On 09/18/2016 03:37 AM, Luke Kenneth Casson Leighton wrote:
>  words being what they are, it's a critical, critical difference which
> indicates a fundamental and key difference between this document and
> any others that anyone (including myself) is ever likely to have
> encountered.  up until two months ago i *genuinely* thought that the
> "Bill of Rights" was a really good document.  then i heard of the
> "Bill of Ethics" and realised - only by comparison - that anything
> labelled "Rights" is downright dangerous.
> 

Oh boy, I said Bill of Rights when I meant Bill of Ethics. Yes, the Bill
of Ethics is not rights-based. I don’t think a rights-based approach is
doomed to failure though.

>  so *even before* getting into that sort of thing, a clear
> communications and decision-making policy has to be put in place.
> honestly, if someone with 30 years of research into this field says
> that they found unanimous small groups between 7 and 9 in side of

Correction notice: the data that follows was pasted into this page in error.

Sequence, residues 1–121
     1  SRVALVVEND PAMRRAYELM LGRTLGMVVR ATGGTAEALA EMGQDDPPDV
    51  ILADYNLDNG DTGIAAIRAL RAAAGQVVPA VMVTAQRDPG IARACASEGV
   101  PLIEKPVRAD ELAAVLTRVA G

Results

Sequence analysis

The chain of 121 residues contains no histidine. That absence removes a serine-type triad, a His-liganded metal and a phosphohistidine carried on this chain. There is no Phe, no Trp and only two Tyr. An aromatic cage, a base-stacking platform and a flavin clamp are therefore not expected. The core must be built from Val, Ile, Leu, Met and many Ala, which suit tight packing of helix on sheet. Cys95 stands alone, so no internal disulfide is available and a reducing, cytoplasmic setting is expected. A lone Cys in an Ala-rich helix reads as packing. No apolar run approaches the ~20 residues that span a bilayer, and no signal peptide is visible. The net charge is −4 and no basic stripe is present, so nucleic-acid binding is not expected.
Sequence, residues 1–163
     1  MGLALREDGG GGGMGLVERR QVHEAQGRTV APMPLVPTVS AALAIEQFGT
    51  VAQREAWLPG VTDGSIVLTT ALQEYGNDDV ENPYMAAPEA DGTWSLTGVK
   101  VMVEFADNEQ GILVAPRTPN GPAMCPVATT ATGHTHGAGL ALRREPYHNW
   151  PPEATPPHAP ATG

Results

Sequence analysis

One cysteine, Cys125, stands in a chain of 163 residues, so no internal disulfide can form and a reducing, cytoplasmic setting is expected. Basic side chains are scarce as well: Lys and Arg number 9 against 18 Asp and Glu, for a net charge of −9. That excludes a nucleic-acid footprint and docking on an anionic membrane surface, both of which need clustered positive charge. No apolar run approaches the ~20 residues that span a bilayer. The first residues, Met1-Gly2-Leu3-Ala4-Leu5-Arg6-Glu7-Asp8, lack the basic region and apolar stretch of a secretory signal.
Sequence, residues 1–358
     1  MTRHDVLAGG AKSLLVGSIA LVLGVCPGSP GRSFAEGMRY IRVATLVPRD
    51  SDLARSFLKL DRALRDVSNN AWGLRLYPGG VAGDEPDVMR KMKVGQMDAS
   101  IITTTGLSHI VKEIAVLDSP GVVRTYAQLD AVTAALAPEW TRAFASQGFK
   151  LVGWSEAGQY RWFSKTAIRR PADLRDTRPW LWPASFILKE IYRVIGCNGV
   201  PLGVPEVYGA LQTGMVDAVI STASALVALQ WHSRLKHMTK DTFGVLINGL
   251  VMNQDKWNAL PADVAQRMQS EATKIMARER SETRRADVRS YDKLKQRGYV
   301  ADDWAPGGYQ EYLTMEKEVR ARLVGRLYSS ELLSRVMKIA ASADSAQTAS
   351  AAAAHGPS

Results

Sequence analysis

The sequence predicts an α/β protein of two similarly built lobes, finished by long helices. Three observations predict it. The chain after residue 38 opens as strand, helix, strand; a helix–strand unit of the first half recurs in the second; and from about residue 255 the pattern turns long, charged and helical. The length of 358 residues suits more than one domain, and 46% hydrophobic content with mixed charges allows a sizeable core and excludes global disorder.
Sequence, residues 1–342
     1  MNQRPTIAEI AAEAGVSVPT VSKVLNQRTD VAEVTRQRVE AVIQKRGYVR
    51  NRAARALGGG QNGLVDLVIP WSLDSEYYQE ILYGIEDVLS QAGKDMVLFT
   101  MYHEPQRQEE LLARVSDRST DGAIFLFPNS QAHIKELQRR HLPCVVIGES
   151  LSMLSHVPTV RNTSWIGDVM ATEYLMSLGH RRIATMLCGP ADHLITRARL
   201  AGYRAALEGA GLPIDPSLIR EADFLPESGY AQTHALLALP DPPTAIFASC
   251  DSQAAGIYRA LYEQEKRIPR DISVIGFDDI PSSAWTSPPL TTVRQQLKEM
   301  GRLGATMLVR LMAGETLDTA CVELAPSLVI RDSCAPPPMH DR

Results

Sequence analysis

> 50-50 men and women was *the* most effective way to get decisions
> made, i'm inclined to trust that over and above anything else.
> 

I’m not so sure, but an environment that is hostile to some is probably
not a good one anyway.

>  and i can also see that the Bill of Ethics is sufficiently
> "low-level" that a "code of conduct" is not even necessary.
> 

We want a high-level document (when multiple decision makers are
involved). Someone who wants to complain of bad behavior should not need
to derive their complaint from low-level ethics. Low-level ethics also
run the risk of having multiple interpretations.


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